´Karakhoja´ -the central state (created during 856-866 ) was the Karakhoja kingdom, also called the Idiqut ("Holy Wealth, Glory ") state, was based around the cities of Turfan (winter capital), Beshbalik (summer capital), Kumul and Kucha. Also a Buddhist state with a state sponsored buddhism and manicheanism it can be considered the epicentre of Uyghur culture. The Idiquts (title of the Karakhoja rulers) ruled independently until 1209 when they submitted to the Mongols under Genghis Khan and as vassal rulers existed until 1335.

´Kara-Khanid´ -(Great Khans Dynasty). The Karahans originated from Uyghur tribes settled in Valley of Chu River after 840 and ruled between 940-1212 in Turkistan and Maveraunnehir. They converted to Islam in 934 under ruling of Sultan Satuq Bughra Khan (920-956) and after taking power over Qarluks in 940 built a federation with Muslim institutions. Together with the Samanids of Samarkand they considered themselves the defenders of Islam against the Buddhist Uyghur Idiqut and the Buddhist [Scythian]-Tocharian kingdom of Khotan.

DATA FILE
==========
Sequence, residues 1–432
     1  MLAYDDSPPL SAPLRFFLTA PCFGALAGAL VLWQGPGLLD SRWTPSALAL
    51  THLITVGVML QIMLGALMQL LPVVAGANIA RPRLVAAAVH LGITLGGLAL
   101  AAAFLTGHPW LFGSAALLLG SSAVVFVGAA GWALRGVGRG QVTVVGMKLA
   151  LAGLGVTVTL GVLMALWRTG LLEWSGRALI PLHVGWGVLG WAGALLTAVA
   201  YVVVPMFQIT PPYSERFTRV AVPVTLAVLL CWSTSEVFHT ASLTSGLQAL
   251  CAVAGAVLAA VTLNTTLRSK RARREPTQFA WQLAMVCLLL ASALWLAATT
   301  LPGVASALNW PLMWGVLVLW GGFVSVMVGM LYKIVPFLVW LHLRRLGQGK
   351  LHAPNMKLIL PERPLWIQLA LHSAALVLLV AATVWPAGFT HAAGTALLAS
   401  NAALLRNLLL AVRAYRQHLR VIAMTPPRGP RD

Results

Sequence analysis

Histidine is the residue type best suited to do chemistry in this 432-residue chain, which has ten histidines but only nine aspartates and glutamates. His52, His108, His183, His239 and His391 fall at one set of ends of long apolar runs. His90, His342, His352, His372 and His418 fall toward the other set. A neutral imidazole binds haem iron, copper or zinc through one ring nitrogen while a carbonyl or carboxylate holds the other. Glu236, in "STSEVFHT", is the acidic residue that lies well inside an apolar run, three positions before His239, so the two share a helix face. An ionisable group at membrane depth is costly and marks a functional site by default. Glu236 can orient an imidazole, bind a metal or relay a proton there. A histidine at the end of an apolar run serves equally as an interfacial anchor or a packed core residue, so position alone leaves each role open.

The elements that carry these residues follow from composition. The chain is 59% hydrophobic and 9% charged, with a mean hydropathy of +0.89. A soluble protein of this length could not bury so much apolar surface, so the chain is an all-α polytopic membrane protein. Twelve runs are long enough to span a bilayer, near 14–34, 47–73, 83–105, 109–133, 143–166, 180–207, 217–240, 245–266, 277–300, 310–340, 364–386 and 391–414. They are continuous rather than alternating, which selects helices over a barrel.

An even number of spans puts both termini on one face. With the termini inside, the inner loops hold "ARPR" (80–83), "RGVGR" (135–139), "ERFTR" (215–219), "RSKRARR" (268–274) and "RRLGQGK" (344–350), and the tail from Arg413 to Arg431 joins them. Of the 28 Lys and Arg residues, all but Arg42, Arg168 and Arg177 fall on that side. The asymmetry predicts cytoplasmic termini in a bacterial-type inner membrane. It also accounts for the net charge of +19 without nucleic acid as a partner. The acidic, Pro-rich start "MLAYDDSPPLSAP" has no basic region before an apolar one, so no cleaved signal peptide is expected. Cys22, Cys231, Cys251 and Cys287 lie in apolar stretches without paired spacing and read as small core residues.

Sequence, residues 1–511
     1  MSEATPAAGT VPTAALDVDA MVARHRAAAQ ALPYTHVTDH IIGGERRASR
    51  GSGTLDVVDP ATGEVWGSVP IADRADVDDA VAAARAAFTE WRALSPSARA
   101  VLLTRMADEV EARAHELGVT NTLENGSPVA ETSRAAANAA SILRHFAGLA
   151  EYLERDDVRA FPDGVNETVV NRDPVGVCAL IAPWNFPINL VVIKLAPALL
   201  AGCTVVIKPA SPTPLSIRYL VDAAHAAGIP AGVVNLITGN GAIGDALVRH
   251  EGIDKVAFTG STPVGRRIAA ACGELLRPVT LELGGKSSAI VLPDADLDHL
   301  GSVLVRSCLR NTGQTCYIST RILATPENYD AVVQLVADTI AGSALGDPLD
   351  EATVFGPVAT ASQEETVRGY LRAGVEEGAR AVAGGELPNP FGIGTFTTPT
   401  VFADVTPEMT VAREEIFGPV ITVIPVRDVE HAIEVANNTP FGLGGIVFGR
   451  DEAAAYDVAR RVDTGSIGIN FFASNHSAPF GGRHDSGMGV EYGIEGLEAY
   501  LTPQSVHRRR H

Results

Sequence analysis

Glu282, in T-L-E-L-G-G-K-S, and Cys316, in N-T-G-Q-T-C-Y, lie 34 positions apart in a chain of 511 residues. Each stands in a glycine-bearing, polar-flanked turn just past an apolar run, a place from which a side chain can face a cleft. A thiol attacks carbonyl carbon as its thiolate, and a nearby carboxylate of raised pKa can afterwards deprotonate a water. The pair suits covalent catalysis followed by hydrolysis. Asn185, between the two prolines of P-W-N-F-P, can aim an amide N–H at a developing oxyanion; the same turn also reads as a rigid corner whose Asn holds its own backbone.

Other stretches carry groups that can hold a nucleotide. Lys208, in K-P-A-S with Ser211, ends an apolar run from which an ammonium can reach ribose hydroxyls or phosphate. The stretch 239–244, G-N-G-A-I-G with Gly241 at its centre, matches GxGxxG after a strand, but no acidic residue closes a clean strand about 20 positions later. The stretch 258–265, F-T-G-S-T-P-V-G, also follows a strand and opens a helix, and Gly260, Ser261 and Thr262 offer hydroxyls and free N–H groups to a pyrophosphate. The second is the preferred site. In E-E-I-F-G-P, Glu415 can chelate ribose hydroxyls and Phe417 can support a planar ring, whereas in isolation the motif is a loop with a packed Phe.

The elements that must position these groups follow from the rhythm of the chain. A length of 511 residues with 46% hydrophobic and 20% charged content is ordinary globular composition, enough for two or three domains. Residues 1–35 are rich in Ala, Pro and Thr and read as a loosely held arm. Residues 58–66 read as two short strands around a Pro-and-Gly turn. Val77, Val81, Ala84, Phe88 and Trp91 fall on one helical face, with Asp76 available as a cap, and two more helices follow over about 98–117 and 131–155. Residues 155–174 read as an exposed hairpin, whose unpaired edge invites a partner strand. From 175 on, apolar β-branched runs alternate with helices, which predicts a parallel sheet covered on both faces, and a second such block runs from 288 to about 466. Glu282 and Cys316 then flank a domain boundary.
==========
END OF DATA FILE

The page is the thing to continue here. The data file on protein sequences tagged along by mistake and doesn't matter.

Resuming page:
The reign of the Karahans is especially significant from the point of view of Turkic culture and art history. It is during this period that mosques, schools, bridges and caravansarays were constructed in the cities. Kashgar, Bukhara and Samarkand became centres of learning. In the period, the Turkish language found the means to develop. Among the most important works of the period is Kutadgu Bilik (translated as "The Knowledge That Gives Happiness") written by Yusuf Has Hacib, between the years 1069-1070.

Both the Idiqut and the Kara-Khanid states submitted to the Kara Khitans. After the rise of the Seljuk Turks in Iran the Kara-Khanid Khanate became nominal vassals of the Seljuks also. Later they would serve the dual-[suzerainty] of the Kara-Khitans to the north and the Seljuks to the south. Finally all three states became vassals to Chingis Khan in 1209.